Sunday, May 10, 2015


It was day 225 of the Iranian hostage crisis, back in 1979. I was Kitchen Manager at The Keg, and living at Moms house. We hadnt had to put dad in the VA hospital yet with his Alzheimers. I guess I was feeling Patriotic, or maybe I was just feeling listless, being 22 and not entirely happy with the work I was doing.
Whatever it was, I thought about joining the Marines.

I told my mom.
“Mom, I’m thinking about joining the Marines.”
“Oh no Stevie. Why would you want to join the Marines?”
“Well, Mom, the thing is, I’m not very tough. I’ve never been in a fight. I wouldn’t know what to do. I’m thinking the Marines might toughen me up some.”
She looked at me real hard, then her face started to soften.
“Oh no Stevie. You don’t need to be tough. I want you just like you are. Just a nice boy who is sweet and doesnt know how to fight.”
“Ok Mom, I won’t join the Marines”

Then 12 years later, during Gulf War One I was Chef at Rivercrest. I was happy there. I had a nice house a wife and two kids, 2 and 3 years old. The phone rang one day. It was an Army Recruiter. He wanted to recruit me. I didn’t just tell him "NO" outright, but asked him what it would pay, and where they would send me, stuff like that. I told him “Hey, I make pretty good money,. I got a house, a wife, and two kids and I just don’t see me joining the Army or the Foreign Legion at 35 years old.”
“Sir, you are eligible for another two years!” he informed me.
“Ok, well, thanks for the information” and I hung up the phone.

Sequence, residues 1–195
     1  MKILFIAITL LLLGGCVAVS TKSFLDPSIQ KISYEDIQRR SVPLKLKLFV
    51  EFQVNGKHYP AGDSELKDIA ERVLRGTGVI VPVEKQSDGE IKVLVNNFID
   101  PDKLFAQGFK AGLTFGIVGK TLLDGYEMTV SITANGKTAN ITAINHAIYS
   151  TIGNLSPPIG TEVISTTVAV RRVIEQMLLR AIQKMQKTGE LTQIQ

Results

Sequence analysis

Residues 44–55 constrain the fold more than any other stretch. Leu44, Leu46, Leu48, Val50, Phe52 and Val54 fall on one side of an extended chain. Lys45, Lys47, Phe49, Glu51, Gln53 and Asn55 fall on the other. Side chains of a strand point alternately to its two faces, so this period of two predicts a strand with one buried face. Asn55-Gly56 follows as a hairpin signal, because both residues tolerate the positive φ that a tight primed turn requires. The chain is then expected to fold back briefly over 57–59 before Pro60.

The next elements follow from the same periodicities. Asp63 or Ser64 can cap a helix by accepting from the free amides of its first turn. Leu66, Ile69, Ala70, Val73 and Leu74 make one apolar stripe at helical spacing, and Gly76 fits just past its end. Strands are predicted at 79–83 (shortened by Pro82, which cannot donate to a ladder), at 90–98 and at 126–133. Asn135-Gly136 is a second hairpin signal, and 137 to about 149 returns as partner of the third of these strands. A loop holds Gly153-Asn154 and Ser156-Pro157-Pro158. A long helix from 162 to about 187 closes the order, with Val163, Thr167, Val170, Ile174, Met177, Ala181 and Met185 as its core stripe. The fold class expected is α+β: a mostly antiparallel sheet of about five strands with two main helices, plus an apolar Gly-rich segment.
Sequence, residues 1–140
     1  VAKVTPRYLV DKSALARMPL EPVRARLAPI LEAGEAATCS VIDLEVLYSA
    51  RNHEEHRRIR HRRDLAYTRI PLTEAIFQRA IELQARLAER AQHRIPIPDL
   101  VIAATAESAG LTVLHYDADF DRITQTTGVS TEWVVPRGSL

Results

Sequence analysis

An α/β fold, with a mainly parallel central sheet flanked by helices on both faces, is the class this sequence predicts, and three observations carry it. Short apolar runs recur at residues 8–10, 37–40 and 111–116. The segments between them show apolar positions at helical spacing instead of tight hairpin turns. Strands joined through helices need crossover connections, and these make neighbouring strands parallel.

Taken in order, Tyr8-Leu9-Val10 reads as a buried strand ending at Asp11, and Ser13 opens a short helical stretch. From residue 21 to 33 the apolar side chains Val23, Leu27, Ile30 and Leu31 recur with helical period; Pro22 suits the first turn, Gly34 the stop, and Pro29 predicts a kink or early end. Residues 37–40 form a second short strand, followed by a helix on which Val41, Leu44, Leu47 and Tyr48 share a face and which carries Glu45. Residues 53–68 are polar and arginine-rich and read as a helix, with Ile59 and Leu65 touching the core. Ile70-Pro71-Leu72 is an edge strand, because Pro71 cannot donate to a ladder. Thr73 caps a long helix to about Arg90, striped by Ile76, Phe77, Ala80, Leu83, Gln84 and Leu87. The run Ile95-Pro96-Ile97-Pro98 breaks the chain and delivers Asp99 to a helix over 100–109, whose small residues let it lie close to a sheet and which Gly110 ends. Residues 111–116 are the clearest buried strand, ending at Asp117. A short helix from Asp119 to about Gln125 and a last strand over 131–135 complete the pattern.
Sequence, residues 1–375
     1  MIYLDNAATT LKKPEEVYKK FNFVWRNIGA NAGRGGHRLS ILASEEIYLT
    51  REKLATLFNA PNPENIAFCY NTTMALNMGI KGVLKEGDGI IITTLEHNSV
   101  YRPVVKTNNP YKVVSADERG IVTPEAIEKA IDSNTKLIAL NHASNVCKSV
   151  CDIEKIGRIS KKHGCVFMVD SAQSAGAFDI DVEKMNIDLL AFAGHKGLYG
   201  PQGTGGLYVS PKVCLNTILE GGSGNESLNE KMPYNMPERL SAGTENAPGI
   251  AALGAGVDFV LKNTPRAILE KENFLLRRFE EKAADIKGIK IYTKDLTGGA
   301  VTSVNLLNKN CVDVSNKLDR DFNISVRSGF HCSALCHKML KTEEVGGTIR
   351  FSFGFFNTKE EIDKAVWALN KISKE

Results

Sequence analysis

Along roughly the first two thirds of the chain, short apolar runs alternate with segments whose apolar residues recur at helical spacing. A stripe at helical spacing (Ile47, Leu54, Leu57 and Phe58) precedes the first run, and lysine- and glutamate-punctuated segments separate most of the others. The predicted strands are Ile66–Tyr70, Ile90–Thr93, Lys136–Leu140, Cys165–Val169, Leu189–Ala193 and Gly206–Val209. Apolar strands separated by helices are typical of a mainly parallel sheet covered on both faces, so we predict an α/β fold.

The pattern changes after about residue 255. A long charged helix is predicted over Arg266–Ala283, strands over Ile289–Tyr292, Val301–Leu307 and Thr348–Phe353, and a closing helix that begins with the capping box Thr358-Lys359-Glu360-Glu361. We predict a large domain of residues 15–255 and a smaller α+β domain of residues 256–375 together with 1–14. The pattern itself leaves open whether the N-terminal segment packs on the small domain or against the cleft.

But about a week later there was a knock at the door. When I answered it there was an Army Captain, in full dress uniform, standing there. I didn't know whether to salute or shake his hand.
“Mr. Renfro?” he asked.
“I talked to you last week about opportunities in the United States Army, and I thought I’d stop by today and give you this packet of information” and he hands me an official looking folder with an eagle and a pair of crossed rifles embossed on the cover.
Oh man! I couldn’t believe it! I invited him in, introduced him to my kids, showed him where I kept the lawnmower, the grill and charcoal I fired up every Monday night; the badminton court I had set up in the back yard; my boat and $10,000 worth of fishing tackle and camping gear which I used QUITE regularly, and explained to him again that while I was always open to new opportunities, me and the Army probably weren’t the best match at this point in my life.
I saluted as he left.

I told my brother about this encounter. He was a Colonel in the Army at the time. He wasn’t surprised and laughed.
“Yes, the pressure is really on these recruiters these days. If they cant sign enough guys up, they end up in Saudi Arabia, getting ready for the big push to Baghdad.”

Anyway, Happy Mothers Day Mom.
You were right.
I like me better not being tough too.

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